Around 150 people attended the Legacy Plaza Celebration, a special graduation kick-off event, including students, parents, families and members of the community.
Montana Western Alumni and Friends acknowledged the accomplishments of the Class of 2018 and dedicated an engraved class brick to be laid in the Legacy Plaza.
Graduating students were also presented with an official Montana Western Alumni Tassel to be worn in the University’s 121st Annual Commencement Ceremony held the following day in the Straugh Gymnasium on the Montana Western campus.
368 Montana Western graduates will be awarded at least 443 degrees by the end of the 2017-18 academic year. Of the 368 students, 60 have completed two or more degrees, and over 50% of the graduates received honors by achieving a GPA of 3.33 or higher.
The program included commencement speaker Steve Davis and honored Norman Jacobson with the University’s Alumni Distinguished Service Award.
“This is a real milestone in the lives of our graduates and their families. It is gratifying to see the culmination of the hard work on the part of our students, faculty and staff,” Chancellor Beth Weatherby said.
Steve Davis is currently President and CEO of PATH, an international nonprofit organization that focuses on saving lives and improving health, especially among women and children. A worldwide expert on the subject of innovation, he combines extensive experience as a technology business leader, global health advocate, and social innovator. Davis is a native of Dillon, Mont., and brother of UMW Vice Chancellor of Administration, Finance, and Student Affairs, Susan Briggs. To watch the commencement address, please visit Montana Western’s Vimeo channel.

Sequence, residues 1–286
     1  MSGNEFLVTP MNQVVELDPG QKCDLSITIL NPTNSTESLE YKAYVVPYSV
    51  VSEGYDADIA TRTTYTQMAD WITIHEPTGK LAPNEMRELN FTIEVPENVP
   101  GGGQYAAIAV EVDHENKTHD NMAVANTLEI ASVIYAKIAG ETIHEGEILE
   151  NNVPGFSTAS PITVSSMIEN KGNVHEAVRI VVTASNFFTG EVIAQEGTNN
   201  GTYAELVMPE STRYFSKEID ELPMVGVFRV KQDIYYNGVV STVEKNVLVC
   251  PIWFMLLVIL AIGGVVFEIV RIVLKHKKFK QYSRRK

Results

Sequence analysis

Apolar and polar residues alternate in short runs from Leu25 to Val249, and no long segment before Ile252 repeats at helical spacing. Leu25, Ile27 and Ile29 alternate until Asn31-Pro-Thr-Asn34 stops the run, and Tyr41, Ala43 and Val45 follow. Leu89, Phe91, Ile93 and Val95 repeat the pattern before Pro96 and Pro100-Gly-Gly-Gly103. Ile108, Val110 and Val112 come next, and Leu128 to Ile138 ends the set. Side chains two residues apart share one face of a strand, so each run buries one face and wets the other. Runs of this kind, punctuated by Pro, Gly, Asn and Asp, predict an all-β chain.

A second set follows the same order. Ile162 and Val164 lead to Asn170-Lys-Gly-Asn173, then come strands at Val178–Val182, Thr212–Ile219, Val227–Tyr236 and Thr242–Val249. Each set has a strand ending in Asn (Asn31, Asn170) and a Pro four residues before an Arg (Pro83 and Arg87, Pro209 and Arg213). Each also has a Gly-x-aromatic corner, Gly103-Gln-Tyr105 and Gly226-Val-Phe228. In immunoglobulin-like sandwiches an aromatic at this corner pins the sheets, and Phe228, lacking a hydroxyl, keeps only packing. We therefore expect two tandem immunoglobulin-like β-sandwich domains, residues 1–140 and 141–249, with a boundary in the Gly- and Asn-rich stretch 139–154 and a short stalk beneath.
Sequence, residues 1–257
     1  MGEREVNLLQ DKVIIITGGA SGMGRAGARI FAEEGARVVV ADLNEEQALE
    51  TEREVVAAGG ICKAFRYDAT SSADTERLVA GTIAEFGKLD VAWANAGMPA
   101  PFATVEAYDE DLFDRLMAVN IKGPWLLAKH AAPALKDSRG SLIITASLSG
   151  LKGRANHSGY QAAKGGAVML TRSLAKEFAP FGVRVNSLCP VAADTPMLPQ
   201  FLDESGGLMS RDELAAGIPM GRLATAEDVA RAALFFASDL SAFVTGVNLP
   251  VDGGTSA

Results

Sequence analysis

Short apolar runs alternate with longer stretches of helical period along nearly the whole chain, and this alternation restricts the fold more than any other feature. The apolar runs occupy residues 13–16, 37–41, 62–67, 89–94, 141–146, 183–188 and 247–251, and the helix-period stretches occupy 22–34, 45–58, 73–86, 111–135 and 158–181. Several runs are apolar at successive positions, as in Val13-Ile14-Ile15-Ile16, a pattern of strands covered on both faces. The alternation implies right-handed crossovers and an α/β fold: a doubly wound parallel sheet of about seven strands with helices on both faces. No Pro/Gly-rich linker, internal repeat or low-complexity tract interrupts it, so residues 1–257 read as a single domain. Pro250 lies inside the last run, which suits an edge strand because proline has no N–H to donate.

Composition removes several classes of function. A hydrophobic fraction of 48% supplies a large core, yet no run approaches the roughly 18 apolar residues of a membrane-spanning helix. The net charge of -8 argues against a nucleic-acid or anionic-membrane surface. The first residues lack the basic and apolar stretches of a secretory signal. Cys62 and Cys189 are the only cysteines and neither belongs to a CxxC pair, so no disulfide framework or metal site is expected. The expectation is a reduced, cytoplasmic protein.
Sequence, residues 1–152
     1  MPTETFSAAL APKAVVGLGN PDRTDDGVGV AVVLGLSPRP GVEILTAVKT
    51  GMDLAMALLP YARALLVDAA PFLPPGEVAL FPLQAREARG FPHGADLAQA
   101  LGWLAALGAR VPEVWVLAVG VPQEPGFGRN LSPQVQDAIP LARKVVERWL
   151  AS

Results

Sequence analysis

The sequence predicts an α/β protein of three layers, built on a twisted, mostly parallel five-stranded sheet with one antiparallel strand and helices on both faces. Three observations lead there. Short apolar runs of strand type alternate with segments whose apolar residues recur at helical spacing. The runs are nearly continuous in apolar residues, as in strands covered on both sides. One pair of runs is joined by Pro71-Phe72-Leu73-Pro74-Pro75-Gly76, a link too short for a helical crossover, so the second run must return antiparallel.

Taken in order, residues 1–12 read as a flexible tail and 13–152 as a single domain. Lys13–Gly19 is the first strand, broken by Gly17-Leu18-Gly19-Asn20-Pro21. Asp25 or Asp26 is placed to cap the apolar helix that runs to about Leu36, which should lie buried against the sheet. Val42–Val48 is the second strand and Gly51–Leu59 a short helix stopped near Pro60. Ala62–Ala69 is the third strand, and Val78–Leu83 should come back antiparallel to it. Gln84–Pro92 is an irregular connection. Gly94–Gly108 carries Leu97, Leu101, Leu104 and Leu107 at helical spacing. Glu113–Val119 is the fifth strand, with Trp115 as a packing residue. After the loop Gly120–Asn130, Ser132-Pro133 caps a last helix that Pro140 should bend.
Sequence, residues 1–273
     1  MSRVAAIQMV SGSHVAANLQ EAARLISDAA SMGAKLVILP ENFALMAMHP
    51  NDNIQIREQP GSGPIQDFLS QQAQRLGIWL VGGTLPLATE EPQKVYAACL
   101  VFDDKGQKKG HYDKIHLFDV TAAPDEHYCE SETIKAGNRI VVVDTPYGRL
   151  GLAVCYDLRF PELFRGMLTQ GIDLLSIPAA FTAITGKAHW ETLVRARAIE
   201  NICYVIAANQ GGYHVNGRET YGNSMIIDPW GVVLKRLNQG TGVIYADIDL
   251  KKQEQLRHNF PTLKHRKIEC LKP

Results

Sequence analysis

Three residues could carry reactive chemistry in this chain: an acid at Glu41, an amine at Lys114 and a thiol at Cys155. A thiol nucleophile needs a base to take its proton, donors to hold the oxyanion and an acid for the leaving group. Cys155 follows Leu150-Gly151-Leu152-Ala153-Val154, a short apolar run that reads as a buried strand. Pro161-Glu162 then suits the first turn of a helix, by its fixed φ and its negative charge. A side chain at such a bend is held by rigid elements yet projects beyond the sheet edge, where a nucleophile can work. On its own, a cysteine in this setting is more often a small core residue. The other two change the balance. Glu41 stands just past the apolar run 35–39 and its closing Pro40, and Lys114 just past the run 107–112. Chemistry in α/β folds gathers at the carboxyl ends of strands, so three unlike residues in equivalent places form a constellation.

“I am deeply honored to join this celebration of students, families and community back in my wonderful hometown, and at a university that has meant so much to my family and the people of Montana,” said Davis.
Alumni Distinguished Service Award recipient Norman Jacobson obtained his Elementary Education degree from Montana Western in 1952. He went on to receive two Master’s degrees; the first from the University of Montana, and the second from Washington State University. Jacobson taught in Three Forks, Havre, Deer Lodge, and Missoula, Mont., during the course of his 32-year career.
This was also a special commencement as there were first time graduates as a result of innovative partnerships and new degree programs at Montana Western.
Six students graduated from Montana Western as part of a partnership with the Blackfeet Community College and Browning Public Schools. The partnership is funded by a $1M federal Office of Indian Education grant. The grant’s main objective is to increase the number of teachers serving Indigenous children on the Blackfeet Reservation.
Members of the Blackfeet Community College Board were present to witness the first students receiving their degrees as a result of this partnership.
This is also the first year Montana Western students graduated from the BS Ecology program since its implementation, with two students graduating with this degree. Available option areas in the program include Fish and Wildlife Ecology, Integrative Ecology, and Quantitative Ecology.
The University of Montana Western emphasizes immersive learning to prepare students to be successful as they pursue their career choice or move on to acquire advanced degrees.